• 3. In Section 2, the UHF RFID MAC simulator is introduced with experimental verification. In Section 3, the influences of frequency sharing among baseband systems and subcarrier systems is evaluated. 2. UHF RFID MAC simulator 1.1. Overview of UHF RFID MAC simulator The MAC simulator computes the transmission availability of readers subjected to carrier sense and duty cycle requirements. The duty cycle is defined as a combination of maximum continuous transmission time (TX_ON) and the minimum cessation time (TX_OFF). The duty cycle in conjunction with carrier sensing (Listen Before Talk) determines the transmission availability (Figure 1). Three dimensional positions and orientations of the reader antennas, antenna patterns of tags and readers and the transmission spectrum mask are considered in the simulation. The air-protocol between reader and tags are not included in the MAC simulation. Transmission channels and the carrier sensing channel can be specified reader by reader. When a reader demands to transmit, it first examines the transmission channel to see if it is occupied by other system. If the received power in the channel is below the predefined threshold value, the reader registers the channel to internal channel queue. After examining all the channels, the reader chooses the minimum power channel from the internal channel queue. By doing this, we can increase the total frequency efficiency [5]. In the simulation, a subcarrier system listens to the subcarrier channel first with predefined threshold level depending on the distance between the reader and the tag. If the received power in the subcarrier channel is less than the threshold value, the reader transmits the signal until TX_ON is expired. If there is a harmful background noise, the subcarrier system suspends the transmission otherwise the subcarrier will be overridden by the noise. Without this receive channel carrier sensing in the simulation, the frequency sharing efficiency of the subcarrier system becomes impractically high. In the real implementation without receive channel carrier sensing, the delay is equivalent to packet losses. 3
  • 4. Continuous Transmission Mandatory TX off period TX_ON TX_OFF Duty control Carrier sense time Back off to prevent the listened carrier might collide LSTN BCK Access Control Mandatory carrier sense time Randomly selected backoff period Figure 1 Duty control and carrier sensing definition The state transition model of a reader is shown in Figure 2 . Dormant TX_OFF elapsed Channel selection Listen TX_ON elapsed LBT level LSTN elapsed or exceeded without exceeding LBT level exceeded LBT level BackOff LBT level exceeded BCK elapsed without exceeding LBT level Transmit Transmit antenna Selection Figure 2 Reader state transition model 4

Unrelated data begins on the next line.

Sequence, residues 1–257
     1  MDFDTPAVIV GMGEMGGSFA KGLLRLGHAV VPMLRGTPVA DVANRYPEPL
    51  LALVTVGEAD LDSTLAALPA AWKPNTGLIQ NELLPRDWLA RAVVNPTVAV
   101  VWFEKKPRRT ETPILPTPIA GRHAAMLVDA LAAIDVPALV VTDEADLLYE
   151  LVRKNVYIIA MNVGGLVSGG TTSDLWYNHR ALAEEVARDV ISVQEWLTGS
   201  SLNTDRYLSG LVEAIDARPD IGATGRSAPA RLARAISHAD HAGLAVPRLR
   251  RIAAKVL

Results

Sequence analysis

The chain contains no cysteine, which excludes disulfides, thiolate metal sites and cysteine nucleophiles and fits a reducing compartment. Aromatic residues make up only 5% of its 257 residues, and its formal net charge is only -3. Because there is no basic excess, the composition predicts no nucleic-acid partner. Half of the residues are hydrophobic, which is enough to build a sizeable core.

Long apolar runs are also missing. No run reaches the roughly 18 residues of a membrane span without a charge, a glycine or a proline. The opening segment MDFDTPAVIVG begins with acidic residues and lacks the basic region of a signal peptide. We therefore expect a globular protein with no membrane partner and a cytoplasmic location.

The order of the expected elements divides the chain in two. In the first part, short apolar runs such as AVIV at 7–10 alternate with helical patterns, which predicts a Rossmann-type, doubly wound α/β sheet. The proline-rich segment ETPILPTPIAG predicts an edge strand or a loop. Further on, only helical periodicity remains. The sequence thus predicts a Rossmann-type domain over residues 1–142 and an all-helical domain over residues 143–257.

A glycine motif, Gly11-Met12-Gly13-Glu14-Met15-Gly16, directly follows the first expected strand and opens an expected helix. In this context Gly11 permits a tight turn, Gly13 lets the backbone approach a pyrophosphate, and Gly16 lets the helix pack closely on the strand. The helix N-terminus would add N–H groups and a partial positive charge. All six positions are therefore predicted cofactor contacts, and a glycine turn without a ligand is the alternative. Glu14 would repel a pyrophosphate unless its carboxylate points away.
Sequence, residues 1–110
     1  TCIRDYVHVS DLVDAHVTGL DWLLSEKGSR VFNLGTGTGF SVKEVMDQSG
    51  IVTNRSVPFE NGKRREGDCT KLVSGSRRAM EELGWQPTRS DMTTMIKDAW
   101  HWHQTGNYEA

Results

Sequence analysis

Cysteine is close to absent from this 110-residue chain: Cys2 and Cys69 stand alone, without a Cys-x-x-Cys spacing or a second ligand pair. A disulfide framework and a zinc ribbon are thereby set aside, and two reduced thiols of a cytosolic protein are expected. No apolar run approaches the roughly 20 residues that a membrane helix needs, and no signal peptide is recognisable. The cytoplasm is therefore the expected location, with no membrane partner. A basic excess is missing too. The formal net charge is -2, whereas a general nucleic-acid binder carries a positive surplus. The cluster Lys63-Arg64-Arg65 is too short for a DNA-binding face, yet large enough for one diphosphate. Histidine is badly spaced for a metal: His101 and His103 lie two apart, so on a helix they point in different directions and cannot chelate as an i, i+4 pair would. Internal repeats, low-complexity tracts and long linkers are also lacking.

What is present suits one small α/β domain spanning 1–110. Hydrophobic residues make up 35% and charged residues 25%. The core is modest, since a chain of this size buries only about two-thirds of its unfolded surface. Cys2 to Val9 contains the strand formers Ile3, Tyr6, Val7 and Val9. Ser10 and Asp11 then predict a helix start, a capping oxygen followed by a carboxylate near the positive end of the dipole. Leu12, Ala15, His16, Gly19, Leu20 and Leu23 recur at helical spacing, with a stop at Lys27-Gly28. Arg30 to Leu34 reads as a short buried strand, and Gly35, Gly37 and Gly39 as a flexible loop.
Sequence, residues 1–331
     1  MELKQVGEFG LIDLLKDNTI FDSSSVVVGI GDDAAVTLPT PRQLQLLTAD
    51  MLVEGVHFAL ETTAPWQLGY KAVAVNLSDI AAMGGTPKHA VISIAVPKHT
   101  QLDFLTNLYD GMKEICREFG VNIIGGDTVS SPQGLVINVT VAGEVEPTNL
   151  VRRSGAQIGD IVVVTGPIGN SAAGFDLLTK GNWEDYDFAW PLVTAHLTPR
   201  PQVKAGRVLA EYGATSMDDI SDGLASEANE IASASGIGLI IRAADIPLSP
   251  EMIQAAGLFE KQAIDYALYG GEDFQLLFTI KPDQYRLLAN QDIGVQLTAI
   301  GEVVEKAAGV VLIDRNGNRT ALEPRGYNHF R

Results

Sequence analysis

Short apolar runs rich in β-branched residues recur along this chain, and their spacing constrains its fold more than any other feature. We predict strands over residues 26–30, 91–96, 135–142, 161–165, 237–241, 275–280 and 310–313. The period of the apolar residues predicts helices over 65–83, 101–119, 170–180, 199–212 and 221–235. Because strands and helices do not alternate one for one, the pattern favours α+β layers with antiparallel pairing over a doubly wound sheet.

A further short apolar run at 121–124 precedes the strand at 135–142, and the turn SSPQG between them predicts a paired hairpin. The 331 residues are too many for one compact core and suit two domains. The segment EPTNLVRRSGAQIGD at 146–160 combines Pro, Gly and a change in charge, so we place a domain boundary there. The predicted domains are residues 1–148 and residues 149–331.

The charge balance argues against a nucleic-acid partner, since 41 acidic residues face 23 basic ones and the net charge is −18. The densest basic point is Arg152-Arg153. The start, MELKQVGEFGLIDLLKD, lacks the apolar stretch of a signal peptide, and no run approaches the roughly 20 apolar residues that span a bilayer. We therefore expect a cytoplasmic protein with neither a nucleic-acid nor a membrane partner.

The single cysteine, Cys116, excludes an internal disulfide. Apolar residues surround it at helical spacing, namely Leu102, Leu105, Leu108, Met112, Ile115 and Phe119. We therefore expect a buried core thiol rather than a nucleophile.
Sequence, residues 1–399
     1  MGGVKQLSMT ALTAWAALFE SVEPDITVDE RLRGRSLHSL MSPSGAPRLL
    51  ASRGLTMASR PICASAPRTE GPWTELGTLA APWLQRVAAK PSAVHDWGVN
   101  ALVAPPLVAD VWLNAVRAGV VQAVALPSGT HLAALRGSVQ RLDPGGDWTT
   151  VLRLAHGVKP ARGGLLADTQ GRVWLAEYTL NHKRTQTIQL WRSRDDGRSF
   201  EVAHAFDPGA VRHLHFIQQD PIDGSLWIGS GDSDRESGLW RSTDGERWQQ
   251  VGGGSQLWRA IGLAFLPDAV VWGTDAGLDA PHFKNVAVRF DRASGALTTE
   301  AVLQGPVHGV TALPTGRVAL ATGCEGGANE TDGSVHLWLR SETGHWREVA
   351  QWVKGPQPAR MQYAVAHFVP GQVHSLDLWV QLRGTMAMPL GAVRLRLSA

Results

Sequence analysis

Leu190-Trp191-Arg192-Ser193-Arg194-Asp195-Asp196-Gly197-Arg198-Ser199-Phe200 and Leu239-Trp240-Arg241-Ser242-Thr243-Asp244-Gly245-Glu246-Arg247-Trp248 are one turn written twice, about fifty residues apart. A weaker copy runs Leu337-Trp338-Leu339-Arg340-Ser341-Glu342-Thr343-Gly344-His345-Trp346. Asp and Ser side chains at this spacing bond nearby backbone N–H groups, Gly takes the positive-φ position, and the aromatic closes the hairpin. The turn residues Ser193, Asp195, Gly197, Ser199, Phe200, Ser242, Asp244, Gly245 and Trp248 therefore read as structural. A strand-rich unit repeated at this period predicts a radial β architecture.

• 5. 1.2. Experimental verification of UHF RFID MAC simulator 1 The validity of UHF RFID MAC simulator was examined in anechoic chamber experiments. In the experiment, three baseband system, comes from different reader manufacturers, which are conformal to the type certificate requirements in Japan (Table 1) are used. Table 1 Typical type certificate requirements for UHF RFID in Japan Item Requirements Note Carrier frequency (MHz) 952.2 – 953.8MHz 200kHz separation 9 channels Maximum EIRP 36dBm Channel separation Unit channel:200kHz Channel aggregation is allowed Frequency sharing Carrier sensing:-74dBm/channel A Channel denotes an requirement unit channel or TX_ON: 4sec aggregated unit TX_OFF: 50msec channels. In the current Japan regulation environment, the number of available channels for 4W EIRP UHF RFID reader is nine, each of which is 200kHz, as shown in Figure 3. High Power 30dBm Low Power 10dBm - 29dBm - 39dBm 952MHz 953MHz 954MHz 955MHz 952.2 952.4 952.6 952.8 953.0 953.2 953.4 953.6 953.8 954.0 954.2 954.4 954.6 954.8 (ch1) (ch2) (ch3) (ch4) (ch5) (ch6) (ch7) (ch8) (ch9) (ch10) (ch11) (ch12) (ch13) (ch14) Figure 3 UHF RFID channel layout in Japan High power represents 4W EIRP readers which is the primal interests of this white paper. Low power, on the other hands, denotes 20mW EIRP readers. The requirement on the spectrum mask of the high power reader in the vicinity of the assigned frequency band is shown in Figure 4 1 This section is a part of research that Auto-ID Lab Japan had pursued in [7] 5